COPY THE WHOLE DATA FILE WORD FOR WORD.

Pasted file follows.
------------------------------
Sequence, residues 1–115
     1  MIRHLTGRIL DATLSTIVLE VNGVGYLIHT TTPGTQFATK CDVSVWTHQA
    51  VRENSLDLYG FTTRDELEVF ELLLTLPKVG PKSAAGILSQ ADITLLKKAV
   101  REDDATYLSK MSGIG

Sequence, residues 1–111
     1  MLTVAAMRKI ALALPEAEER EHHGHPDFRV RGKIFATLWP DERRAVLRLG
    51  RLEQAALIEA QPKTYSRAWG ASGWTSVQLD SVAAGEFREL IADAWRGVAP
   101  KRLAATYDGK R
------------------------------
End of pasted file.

Sequence, residues 1–115
     1  MIRHLTGRIL DATLSTIVLE VNGVGYLIHT TTPGTQFATK CDVSVWTHQA
    51  VRENSLDLYG FTTRDELEVF ELLLTLPKVG PKSAAGILSQ ADITLLKKAV
   101  REDDATYLSK MSGIG

Sequence, residues 1–111
     1  MLTVAAMRKI ALALPEAEER EHHGHPDFRV RGKIFATLWP DERRAVLRLG
    51  RLEQAALIEA QPKTYSRAWG ASGWTSVQLD SVAAGEFREL IADAWRGVAP
   101  KRLAATYDGK R